In moving to load up on large amounts of foreign debt to finance an overwhelming number of big-ticket infrastructure projects, the economic managers of the Duterte administration seem to be making the same mistakes committed by the Marcos dictatorship in the 1970s that eventually drove the economy into bankruptcy in the early 1980s.
The Marcos regime incurred huge amounts of foreign debt for its envisioned legacy infrastructure and big industrial projects, along with the development of local energy sources, by securing loans from Official Development Assistance (ODA) and the world capital markets, which at the time were overflowing with cheap “petrodollars” from oil exporting countries.
Never mind if domestic consumer prices were steadily increasing and the peso was nursing a period of devaluation, the dictatorship racked up foreign debts that pushed up total obligations from just $2.1 billion in 1970 and $3.8 billion in 1975 to an unprecedented $25 billion by 1983.
Crippling effects of a fallout from the 1982-83 Latin American debt crisis—when that region’s top economies Brazil, Argentina and Mexico started to default on the foreign debts they had secured in the 1970s to finance major infrastructure and industrialization projects—and from political tremors triggered by the assassination of opposition leader Benigno Aquino Jr. while in government custody, sent the Philippine economy into a severe recession.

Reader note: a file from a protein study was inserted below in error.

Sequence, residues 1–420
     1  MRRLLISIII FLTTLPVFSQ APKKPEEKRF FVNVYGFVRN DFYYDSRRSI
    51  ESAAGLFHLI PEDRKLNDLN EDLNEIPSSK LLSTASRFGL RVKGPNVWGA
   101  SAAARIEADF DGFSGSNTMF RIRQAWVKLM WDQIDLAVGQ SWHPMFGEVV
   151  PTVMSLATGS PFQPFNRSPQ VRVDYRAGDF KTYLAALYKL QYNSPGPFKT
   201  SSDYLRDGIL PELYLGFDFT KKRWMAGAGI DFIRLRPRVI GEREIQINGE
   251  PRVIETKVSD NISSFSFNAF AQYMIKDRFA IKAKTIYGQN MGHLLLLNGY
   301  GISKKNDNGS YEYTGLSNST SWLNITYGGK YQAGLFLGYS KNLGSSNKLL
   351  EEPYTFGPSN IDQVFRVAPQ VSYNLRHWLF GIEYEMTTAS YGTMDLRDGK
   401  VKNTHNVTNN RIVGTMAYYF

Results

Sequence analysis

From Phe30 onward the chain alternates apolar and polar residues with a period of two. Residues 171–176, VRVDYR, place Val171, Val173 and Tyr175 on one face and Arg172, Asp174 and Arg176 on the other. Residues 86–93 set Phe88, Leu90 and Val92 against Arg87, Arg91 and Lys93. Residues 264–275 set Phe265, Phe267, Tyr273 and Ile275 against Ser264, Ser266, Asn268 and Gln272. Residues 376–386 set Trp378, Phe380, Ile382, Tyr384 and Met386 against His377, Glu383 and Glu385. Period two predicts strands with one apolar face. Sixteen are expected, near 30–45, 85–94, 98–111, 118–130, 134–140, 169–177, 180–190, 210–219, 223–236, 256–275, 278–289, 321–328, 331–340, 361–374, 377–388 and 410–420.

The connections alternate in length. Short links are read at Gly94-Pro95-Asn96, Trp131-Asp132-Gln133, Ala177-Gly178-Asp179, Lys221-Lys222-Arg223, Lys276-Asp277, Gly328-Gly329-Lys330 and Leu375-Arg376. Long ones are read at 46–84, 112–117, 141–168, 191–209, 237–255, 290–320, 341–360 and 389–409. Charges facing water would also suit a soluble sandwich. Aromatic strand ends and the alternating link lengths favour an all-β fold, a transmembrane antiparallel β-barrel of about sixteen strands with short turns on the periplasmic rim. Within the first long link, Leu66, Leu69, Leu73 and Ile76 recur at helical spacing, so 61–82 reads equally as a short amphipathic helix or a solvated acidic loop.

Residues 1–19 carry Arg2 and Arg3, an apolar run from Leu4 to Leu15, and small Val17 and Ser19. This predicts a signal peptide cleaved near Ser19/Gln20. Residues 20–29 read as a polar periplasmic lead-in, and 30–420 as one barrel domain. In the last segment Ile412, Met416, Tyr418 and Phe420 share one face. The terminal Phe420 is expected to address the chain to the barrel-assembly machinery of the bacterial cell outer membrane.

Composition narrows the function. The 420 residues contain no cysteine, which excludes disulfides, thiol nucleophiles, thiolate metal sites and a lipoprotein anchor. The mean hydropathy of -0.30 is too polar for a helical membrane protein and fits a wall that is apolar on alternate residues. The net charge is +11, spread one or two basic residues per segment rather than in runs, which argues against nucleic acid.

Government as builder
Today, the Duterte economic team is aggressively pushing for a “Build, Build, Build” program that is estimated to be bankrolled by external borrowings of around $157 billion, the bulk of which is expected to come from China through its aid-giving Export-Import Bank. Japan is also being tapped for substantial amounts of ODA for this program.
As in the case of the Marcos debt-driven infrastructure program, the Duterte government will be securing the ODA and foreign loans for the planned projects. Until two months ago, major infrastructure projects were auctioned off to private investors under Public-Private Partnership arrangements. In the new scheme, the government will take care of building the roads, bridges, airports and railways and later bidding completed projects to private investors for their operation and maintenance.
In adopting the new strategy, labelled as a “hybrid PPP” approach, economic managers say this will speed up the construction of the projects in the “Build, Build, Build” program. Traditional PPP projects, they argue, take 29 months before work can start.
Still, under the hybrid strategy, it will still be the government that will take care of securing right-of-way clearances—the biggest challenge that usually confronts infrastructure projects—before the contractor breaks ground.
The hybrid scheme is described by economic managers as a strategy to sustain high economic growth that will create more jobs. But current plans also call for farming out the construction of the projects to foreign contractors that will be selected by governments that extend the ODA, and the hiring of laborers also from the countries that provide the ODA.
Finance Secretary Carlos Dominguez has disclosed that the China Eximbank will select the contractors that will build projects that it will finance. Budget Secretary Ben Diokno has also indicated that the government is “open” to hiring technical people and construction workers from China for these China-financed projects.
How “excluding” local contractors and labor tallies with the Duterte government’s pledge to make economic growth “inclusive” will need to be explained by the economic managers. Such a direction for “hybrid PPP” undertakings could dampen the spirit of entrepreneurship that is now undoubtedly fueling growth in many sectors of the economy.